After my last article about Cornell University’s bicycle experiment, I started thinking “What if” the bicycle had never been invented in the late 1800s, would engineers come up with a similar design today?
Even if they did, I doubt it would be taken seriously as a viable form of personal transport.
The bicycle came into being at a time when the only other form of personal transport was the horse. These animals were not only expensive to buy, they needed feeding and housing; working class people could not afford horses.
However, once the bicycle had been invented, and a few years later mass production put this new machine within reach of the poorer classes it became a revolutionary form of personal transport. Many forget that the automobile came later and eventually replaced the horse as the wealthy person’s transport of choice.
So what if the automobile had come first. The poorer working classes would have continued living in cities where they could get to work either on foot or by rail or other form of public transport.
The bicycle had less of an impact on America’s history, because there it was the automobile that became affordable due to mass production, and the luxury of plenty of space led to urban sprawl, and the suburbs.
In the UK and other smaller European countries, it was viable for a working class man to live in a rural area, and cycle 5 to 10 miles to work each day. The humble bike was the working man’s wheels all the way up to the late 1950s, early 1960s.
Even though commuting to work by bicycle is a hard sell today for the majority, think how much harder it would be if engineers were only just developing the bicycle now. Almost everyone can at least ride a bicycle, and most households have at least one bike in their garage.
Look what happened in Japan recently after the earthquake and tsunami? People took to bicycles to get where they needed to be. How high will gas prices need to go before some people in the UK and the US start to realize their choice might be eating, or putting gas in the car, and bicycles will start to be dragged out of garages?
Would today’s engineers even think of a two-wheeled vehicle? If there were no bicycles there would be no motorcycles, only four wheel vehicles; don’t forget the fist autos were “Horseless Carriages.”
Above: A German Draisine or Laufmaschine, circa 1820. I have always called this a Hobby Horse.
In my last article I referred to the Cornell experiment as a “Push Toy.” I realized later, had it not been for a push toy, the bicycle would have never come into being?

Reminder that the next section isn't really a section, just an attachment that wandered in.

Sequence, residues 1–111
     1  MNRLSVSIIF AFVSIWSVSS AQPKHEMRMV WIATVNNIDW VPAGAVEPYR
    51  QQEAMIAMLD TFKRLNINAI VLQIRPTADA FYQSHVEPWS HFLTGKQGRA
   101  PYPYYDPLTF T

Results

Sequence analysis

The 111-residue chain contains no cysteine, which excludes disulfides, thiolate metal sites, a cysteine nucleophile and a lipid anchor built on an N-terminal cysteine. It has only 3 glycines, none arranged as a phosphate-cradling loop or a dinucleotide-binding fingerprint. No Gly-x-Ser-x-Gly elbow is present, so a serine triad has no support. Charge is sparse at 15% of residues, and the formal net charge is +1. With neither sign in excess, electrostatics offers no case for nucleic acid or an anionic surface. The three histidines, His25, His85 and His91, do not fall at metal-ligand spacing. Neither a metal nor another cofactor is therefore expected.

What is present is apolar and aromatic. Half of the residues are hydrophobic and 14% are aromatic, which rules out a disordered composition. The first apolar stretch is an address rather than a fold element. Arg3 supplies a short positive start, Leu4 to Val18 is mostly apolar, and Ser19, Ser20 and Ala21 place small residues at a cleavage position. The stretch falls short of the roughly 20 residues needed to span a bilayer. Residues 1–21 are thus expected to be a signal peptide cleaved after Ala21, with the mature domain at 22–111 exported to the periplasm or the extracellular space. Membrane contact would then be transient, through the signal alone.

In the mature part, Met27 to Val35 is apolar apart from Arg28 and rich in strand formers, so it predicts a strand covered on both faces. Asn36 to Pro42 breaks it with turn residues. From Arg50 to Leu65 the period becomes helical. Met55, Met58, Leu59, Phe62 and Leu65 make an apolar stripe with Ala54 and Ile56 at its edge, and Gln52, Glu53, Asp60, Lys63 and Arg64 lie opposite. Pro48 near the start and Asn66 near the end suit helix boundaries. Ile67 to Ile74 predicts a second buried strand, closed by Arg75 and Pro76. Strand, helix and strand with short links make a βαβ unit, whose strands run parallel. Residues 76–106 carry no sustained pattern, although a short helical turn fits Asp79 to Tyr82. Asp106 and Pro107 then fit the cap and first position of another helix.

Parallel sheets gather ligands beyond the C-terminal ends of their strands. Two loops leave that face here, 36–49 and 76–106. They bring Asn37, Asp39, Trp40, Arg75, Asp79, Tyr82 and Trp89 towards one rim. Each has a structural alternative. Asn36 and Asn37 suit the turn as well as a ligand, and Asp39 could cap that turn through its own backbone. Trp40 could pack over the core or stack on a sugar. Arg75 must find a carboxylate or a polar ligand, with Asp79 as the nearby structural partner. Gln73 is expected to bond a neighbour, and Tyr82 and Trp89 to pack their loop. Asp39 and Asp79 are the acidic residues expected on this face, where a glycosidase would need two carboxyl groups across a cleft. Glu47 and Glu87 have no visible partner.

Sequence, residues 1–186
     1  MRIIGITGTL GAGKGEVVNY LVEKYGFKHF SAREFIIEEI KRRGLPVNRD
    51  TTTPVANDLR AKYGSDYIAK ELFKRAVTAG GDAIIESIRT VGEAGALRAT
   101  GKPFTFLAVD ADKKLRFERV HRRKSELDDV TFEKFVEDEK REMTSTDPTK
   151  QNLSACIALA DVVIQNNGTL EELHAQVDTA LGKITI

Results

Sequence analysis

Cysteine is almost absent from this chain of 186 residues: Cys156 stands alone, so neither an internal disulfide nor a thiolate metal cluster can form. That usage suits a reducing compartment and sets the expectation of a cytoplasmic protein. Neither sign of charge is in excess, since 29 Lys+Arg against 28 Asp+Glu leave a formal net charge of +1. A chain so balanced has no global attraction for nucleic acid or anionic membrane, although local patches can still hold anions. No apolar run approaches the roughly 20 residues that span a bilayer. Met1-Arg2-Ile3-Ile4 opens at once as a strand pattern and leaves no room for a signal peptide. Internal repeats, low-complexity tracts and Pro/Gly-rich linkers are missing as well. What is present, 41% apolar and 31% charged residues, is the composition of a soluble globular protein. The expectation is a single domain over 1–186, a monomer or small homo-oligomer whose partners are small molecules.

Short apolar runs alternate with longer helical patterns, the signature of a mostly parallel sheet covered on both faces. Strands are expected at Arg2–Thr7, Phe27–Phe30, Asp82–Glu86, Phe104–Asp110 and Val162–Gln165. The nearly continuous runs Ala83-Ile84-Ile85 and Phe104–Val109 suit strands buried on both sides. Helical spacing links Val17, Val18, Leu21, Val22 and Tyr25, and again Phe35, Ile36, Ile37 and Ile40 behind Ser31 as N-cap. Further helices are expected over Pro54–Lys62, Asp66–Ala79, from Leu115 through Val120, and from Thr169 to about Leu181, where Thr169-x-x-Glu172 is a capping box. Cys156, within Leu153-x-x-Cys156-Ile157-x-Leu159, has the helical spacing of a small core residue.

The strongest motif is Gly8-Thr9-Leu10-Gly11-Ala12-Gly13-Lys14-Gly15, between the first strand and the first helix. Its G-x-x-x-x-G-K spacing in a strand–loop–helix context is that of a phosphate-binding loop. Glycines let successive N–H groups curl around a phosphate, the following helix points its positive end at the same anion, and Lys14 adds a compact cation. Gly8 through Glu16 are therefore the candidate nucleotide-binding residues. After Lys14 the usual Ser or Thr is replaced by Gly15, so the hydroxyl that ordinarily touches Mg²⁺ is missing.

The bicycle’s predecessor, the Hobby Horse came on the scene in the early 1800s as a rich man’s whimsical plaything,
It only needed two wheels because its rider kept his feet on the ground.
No doubt it was soon discovered that its rider could lift his feet clear of the ground and remain balanced when coasting downhill.
What has always amazed me is that it took until towards the end of the 1800s for someone to attach a simple foot crank to the front wheel and it became a bicycle.
I started out by mentioning that before the bicycle the only form of personal transport was the horse. I am sure ever since men rode horses, children pretended to ride horses with a stick between their legs.
When the wheel was invented, model horses with wheels were made as children’s toys, from this came the adult version in the 1800s, and from that the bicycle. The bicycle evolved, rather than it was invented; it was certainly not invented by any one person.
It is one of the simplest and most efficient machines that humankind has ever made. What I find surprising is that today almost 200 years later, engineers are still asking, “How does its rider balance, and how does it steer?” The bicycle still raises more questions than answers.
I for one doubt very much that today’s engineers, even knowing about gyroscopic precession, caster action and such, would even think of building a two-wheeled vehicle for personal transport. So I am glad that the bicycle came first and then the automobile, it may not have even happened the other way round.
What do you think? Just a little food for thought for you to munch on.